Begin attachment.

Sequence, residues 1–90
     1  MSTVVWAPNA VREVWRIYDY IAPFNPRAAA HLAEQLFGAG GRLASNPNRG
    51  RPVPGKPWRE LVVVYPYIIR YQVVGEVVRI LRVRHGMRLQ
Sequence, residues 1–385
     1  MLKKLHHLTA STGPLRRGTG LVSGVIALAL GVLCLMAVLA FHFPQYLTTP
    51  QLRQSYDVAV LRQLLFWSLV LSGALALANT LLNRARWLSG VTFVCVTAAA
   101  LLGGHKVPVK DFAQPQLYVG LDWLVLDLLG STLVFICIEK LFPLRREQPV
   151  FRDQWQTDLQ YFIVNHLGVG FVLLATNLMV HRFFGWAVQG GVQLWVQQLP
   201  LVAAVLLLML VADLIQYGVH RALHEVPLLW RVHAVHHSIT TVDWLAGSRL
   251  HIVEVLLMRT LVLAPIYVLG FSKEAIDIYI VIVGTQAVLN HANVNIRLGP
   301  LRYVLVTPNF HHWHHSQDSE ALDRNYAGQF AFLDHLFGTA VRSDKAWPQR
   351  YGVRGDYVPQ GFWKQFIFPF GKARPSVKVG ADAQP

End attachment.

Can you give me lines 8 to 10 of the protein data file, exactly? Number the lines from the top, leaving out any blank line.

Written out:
   151  FRDQWQTDLQ YFIVNHLGVG FVLLATNLMV HRFFGWAVQG GVQLWVQQLP
   201  LVAAVLLLML VADLIQYGVH RALHEVPLLW RVHAVHHSIT TVDWLAGSRL
   251  HIVEVLLMRT LVLAPIYVLG FSKEAIDIYI VIVGTQAVLN HANVNIRLGP